Avoid the #prfail

May 19 2011 by
Categories : Culture

Change a #prfail into a #jobwelldone

I may be one of the few people left in the digital world who just discovered what
#prfail is. (No, not the hashtag itself, but what the hashtag itself represents.) Chatting with Canadian Living magazine’s
Julia McEwen at an event last week,  I found out that this has become a trending topic on Twitter (a very viral one) and one that is the
nouveau way to stick it to public relations firms who don’t live up to our (unrealistic? warranted?) standards. Given today’s media climate and the fact that nothing is secret, nor sacred, anymore (do I really need to know what you ate for dinner on
Facebook?) this open-book phenom that is the
#prfail is no big surprise; but having taken a look at the
Twitter thread, I couldn’t help but feel compassion for those PR firms who really screwed up. So, in that vein, I’m listing the ways to avoid the dreaded
#prfail; humbly of course.

Personalize your pitch The easiest tactic that will yield the most favourable response. No one likes to be called "Dear Editor" or  even worse, Mr. Lara Ceroni. (I know I have a raspy voice, but really…) And
fact-check your own release. I once received a pitch from a PR associate who kept referring to all the great coverage they would love to see on
Flare.com. Love the girls at Flare, but c’mon. If you’re sending out mass emails to a mass group of journalists, it will take you 30 seconds longer to send out individual emails to individual journalists. Don’t know their names? Nice try. Look at their email address. Which leads to…
Spell-check your pitch prior to sending it out. Nothing upsets a journalist more (who, incidentally, is also known as a
writer) than with an email peppered with: "its" instead of "it’s"; "their" instead of "they’re," or, my personal favourite: "aloud" instead of "allowed." (Shocking how many times I’ve seen that.)
Know your audience Read the magazines (or the websites) you’re trying to pitch. And read more than one issue, or more than one piece of content to really get "it." It seems so obvious to us, but rarely done by you. The better you understand the brand, the better your pitch is going to be (and, trust me, it never gets old when we hear: "Oh, I just loved _____ story in the June issue." Ever.)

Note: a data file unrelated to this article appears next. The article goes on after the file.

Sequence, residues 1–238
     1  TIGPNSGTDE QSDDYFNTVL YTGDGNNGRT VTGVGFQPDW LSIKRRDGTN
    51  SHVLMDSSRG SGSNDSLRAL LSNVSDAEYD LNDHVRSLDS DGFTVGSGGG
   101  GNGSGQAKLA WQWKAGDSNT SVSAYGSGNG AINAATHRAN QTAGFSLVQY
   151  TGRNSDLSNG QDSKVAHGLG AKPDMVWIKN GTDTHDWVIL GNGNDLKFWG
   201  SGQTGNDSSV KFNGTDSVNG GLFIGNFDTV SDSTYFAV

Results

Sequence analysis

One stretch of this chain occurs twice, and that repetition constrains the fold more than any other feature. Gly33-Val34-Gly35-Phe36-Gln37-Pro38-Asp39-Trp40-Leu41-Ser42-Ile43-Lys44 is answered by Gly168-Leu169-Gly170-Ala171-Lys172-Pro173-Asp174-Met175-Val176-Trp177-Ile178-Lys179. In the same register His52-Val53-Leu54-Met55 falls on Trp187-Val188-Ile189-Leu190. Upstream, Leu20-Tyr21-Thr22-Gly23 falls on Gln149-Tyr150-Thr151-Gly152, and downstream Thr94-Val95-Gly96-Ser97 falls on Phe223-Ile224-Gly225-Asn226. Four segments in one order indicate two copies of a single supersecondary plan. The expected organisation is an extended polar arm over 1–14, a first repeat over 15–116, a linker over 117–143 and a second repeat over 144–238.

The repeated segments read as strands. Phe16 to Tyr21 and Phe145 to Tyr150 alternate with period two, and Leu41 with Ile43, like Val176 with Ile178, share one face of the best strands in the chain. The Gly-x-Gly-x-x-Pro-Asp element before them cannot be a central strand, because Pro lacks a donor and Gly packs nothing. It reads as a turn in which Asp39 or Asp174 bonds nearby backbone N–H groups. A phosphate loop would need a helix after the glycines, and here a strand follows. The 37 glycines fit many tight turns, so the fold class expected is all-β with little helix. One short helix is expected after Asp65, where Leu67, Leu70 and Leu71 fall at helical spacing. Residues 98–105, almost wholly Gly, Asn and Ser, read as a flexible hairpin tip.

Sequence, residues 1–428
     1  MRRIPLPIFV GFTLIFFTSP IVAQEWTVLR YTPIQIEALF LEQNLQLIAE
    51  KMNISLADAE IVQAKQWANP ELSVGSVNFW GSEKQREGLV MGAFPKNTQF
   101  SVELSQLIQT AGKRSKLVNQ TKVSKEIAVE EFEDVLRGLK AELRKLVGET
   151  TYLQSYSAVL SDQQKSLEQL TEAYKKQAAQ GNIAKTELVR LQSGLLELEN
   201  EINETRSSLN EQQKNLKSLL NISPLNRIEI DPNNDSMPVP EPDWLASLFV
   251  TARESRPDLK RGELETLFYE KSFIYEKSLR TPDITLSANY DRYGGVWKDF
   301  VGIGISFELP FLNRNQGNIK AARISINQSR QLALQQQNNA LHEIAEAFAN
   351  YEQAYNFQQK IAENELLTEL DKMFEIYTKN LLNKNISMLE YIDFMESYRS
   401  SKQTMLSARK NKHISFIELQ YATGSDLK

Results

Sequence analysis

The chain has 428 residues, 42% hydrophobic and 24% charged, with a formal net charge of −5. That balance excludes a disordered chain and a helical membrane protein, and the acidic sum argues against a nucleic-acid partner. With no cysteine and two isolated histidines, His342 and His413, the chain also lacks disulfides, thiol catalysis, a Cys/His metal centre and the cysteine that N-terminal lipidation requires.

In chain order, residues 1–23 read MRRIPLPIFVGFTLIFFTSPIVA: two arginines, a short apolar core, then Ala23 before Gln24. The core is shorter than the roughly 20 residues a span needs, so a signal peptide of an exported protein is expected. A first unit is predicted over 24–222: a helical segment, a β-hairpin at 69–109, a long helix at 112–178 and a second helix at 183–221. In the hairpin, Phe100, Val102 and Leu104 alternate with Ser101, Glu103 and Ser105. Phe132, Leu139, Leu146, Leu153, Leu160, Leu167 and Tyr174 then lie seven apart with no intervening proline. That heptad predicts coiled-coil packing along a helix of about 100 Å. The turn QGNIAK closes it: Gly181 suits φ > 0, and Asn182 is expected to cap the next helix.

Voicemail 101 Never leave a voicemail with: "Hi, I’m just calling to follow up on …" I promise you the only thing an editor is going to do is delete, delete and delete. The reality is this: If we’re interested in your pitch, we’ll get back in contact with you. There’s absolutely no way we would sit on a great concept just, well, because. We wouldn’t have our jobs if we did.
Events aren’t parties to us (all the time): So we can’t possibly commit to going to every, single one of them despite the delicious offerings of champagne cocktails and foie gras canapes. It would be impossible for PR companies to keep tabs on all the editors’ schedules (of course), but if we don’t RSVP to your event it’s really because we just can’t swing it. We’re not ignoring you. Promise. Which leads to…
Stick to the schedule Obviously this is a "Try your best" situation.  Life doesn’t always follow our Moleskin planners no matter how much we try, so if you say an event is going to be two hours long, know how much we appreciate it when it actually is.
Our email works just fine We don’t need the same email sent to us three times in as many days, and if you are going to start a follow-up email with: "I’m not sure this went through or not, so…" please don’t. We’re on to you (Insert 🙂 here.) Which leads to…
Avoid the cryptic subject lines ELLE’s editor-in-chief tells me this all of the time: If you don’t state
exactly what you’re trying to push in your subject line, she won’t open it (so people trying to get a piece of Noreen, you heard it here first!). Be succinct, direct and to-the-point. We give you props for creativity (because we know what a tough sell certain clients can be. Hello, mouthwash!), but it’s not going to inspire us to click through.
Know our lead-times Most publications work on the same schedules, more or less. For print: 3-4 months lead time. We’re in May now, so July is closed and we’re working on August. For the web, it’s a different beast: We work  in real time (no surprise there) and very seasonally, so pitch us spring/summer content in May, holiday content in November.
Proviso: If I stop getting releases, interview requests or invites to certain events, I’ll be certain I’ve done the wrong thing here by exposing the dos and don’ts of proper PR, so please take this as you will. In sincerity, jest or humour. Please. (Insert 🙂 here.)

Categories: Culture